Greenland ice sheet hides huge ‘impact crater’

Posted: November 15, 2018 by oldbrew in Analysis, Geology, History, research

Topographic map of Greenland

Something creating a 19-mile wide dent in the Earth’s surface would clearly have been a major strike. If confirmed it would be the most northerly impact crater on Earth.

What looks to be a large impact crater has been identified beneath the Greenland ice sheet, reports BBC News.

The 31km-wide depression came to light when scientists examined radar images of the island’s bedrock.

Investigations suggest the feature was probably dug out by a 1.5km-wide iron asteroid sometime between about 12,000 and three million years ago.

But without drilling through nearly 1km of ice to sample the bed directly, scientists can’t be more specific.

“We will endeavour to do this; it would certainly be the best way to get the ‘dead fish on the table’ (acknowledge the issue, rather than leaving it), so to speak,” Prof Kurt Kjær, from the Danish Museum of Natural History, told BBC News.

If confirmed, the crater would be the first of any size that has been observed under one of Earth’s continental ice sheets.

The discovery is reported in the journal Science Advances.

What does the crater look like?

The putative impact crater is located right on the northwest margin of the Greenland Ice Sheet, underneath what is known as Hiawatha Glacier.

Additional high-resolution radar imagery gathered by Prof Kjær’s team clearly shows a circular structure that is elevated at its rim and at its centre – both classic traits. But because the depression is covered by up to 980m of ice, the scientists have so far had to rely on indirect studies.

What is the supporting evidence?

Meltwaters running out from under Hiawatha Glacier into the Nares Strait carry sediments from the depression. In these sediments are quartz grains which have been subjected to enormous shock pressures, of the type that would be experienced in an impact.

Continued here.

In Pictures: The Giant Crater Beneath Greenland Explained |

  1. Curious George says:

    Is this science coming from the IPCC?

  2. oldbrew says:

    It’s a Danish study.

    A large impact crater beneath Hiawatha Glacier in northwest Greenland

  3. Bill In Oz says:

    An impact like that would also generate a huge amount of steam and vapor..And maybe subsequent global warming…Could this be the smoking gun which ended the last ice age ?

  4. Phi32 says:

    Does the impact crater imply that some or all of Greenland’s land mass might have been the result of the impact?

  5. Graeme No.3 says:

    Wasn’t 12,000 years ago about the time of the disappearance of the Clovis culture and the mega beasts in North America? Also roughly the time of the Younger Dryas?

  6. oldbrew says:

    Graeme – yes, it seems arguable on the face of it.

    The Younger Dryas impact hypothesis or Clovis comet hypothesis originally proposed that a large air burst or earth impact of one or more comets initiated the Younger Dryas cold period about 12,900 BP calibrated (10,900 14C uncalibrated) years ago.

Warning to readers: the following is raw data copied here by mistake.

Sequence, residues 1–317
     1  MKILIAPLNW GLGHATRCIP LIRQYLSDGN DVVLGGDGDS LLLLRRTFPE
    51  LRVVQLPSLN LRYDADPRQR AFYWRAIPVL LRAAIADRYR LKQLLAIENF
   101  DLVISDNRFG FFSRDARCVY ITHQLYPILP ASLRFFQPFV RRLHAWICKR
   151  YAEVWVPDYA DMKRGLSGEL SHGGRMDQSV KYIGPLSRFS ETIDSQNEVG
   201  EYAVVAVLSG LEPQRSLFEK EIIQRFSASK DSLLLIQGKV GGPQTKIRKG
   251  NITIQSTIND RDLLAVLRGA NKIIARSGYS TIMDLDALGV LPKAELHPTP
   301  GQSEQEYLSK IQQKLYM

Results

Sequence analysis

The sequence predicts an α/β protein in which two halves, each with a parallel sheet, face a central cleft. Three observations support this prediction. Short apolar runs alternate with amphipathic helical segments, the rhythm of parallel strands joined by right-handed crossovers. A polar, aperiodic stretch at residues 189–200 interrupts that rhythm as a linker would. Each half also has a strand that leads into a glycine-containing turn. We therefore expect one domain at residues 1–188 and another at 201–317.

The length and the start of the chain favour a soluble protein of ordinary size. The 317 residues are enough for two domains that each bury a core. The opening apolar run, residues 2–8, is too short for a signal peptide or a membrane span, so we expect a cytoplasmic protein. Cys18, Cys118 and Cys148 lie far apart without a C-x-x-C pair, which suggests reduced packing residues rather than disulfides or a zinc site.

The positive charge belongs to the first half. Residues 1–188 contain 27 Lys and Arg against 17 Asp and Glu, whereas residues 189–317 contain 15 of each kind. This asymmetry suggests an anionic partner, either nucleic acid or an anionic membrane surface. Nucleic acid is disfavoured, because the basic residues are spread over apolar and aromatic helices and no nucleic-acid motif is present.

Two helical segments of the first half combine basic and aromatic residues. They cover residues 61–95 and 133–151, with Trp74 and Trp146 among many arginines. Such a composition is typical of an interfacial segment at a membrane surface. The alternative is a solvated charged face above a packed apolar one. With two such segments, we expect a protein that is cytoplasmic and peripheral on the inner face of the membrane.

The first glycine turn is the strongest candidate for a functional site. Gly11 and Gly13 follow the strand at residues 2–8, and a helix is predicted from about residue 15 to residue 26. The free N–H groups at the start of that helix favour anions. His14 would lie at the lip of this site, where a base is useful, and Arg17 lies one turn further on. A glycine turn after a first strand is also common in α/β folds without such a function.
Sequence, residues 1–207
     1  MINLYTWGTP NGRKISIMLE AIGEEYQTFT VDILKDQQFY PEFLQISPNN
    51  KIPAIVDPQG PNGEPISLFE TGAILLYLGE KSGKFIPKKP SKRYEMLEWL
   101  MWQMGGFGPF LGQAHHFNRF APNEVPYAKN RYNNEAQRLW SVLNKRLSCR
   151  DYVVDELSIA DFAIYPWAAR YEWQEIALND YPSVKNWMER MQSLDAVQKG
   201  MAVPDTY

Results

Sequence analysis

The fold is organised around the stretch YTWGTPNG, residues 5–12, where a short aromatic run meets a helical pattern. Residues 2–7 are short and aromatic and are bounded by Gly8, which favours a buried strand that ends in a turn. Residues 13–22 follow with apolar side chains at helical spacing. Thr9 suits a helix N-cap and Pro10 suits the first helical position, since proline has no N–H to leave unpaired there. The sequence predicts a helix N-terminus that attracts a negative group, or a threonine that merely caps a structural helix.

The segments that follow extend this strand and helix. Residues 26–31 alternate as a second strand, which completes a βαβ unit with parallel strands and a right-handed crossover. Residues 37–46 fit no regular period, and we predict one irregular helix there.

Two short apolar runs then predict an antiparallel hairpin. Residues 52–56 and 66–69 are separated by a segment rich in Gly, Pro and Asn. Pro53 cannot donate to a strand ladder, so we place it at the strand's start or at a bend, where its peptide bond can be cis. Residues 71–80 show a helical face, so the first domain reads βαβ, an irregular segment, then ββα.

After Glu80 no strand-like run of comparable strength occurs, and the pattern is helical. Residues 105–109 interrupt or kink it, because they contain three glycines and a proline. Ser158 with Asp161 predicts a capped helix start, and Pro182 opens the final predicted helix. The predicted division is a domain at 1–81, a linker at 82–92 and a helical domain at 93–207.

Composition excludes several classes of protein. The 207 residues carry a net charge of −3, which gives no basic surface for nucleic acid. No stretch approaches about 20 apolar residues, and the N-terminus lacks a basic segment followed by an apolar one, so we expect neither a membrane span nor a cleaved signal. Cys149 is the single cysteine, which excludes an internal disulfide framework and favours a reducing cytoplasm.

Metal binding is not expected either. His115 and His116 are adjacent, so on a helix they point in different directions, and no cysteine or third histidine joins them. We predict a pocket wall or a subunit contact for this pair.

But there are various claimed snags with impact theories.

    A 26-author study in favour of impact…

    Evidence for an extraterrestrial impact 12,900 years ago that contributed to the megafaunal extinctions and the Younger Dryas cooling

  7. hunter says:

    Great find and very interesting article.
    It will be fascinating to see the value of the recoverable metals from this bolide.

  8. oldbrew says:

    From Cosmic Tusk:

    What a week. The announcement of the Hiawatha Crater is hands down the most important development in the eight year history of the Tusk. Lest I remind you, when your blog’s tagline is “Exploring abrupt climate change induced by comets and asteroids during human history”, and Science publishes a feature article titled: Ice Age Impact: A large asteroid struck Greenland in the time of humans. How did it affect the planet? — times are good!

    Times are not so good for the shrinking band of reckless, uninformed critics of the Younger Dryas Impact Hypothesis.

    Bos Bet

  9. oldbrew says:

    Could an impact have generated a lot of new icebergs?
    – – –
    Greenland icebergs may have triggered the Younger Dryas
    September 15, 2013

    Just as the last Ice Age was drawing to a close, Greenland icebergs changed the temperature in the Atlantic and triggered a 1,000-year-long extension of the Ice Age.

    By: Kristian Sjøgren

    When the last Ice Age ended, meltwater and icebergs from Greenland triggered the 1,000-year-long cold spell we know as the Younger Dryas, new research reveals.

    Some 13,000 years ago, as the last Ice Age seemed to lose its cold grip on the Earth, the temperature suddenly plunged again.
    . . .
    …our studies of the seabed in the Labrador Sea, located between the two ice caps, show that the sediments deposited just prior to the Younger Dryas originated from Greenland, not Canada.
    [bold added]

  10. oldbrew says:

    See Science Advances video with 3 of the authors, here…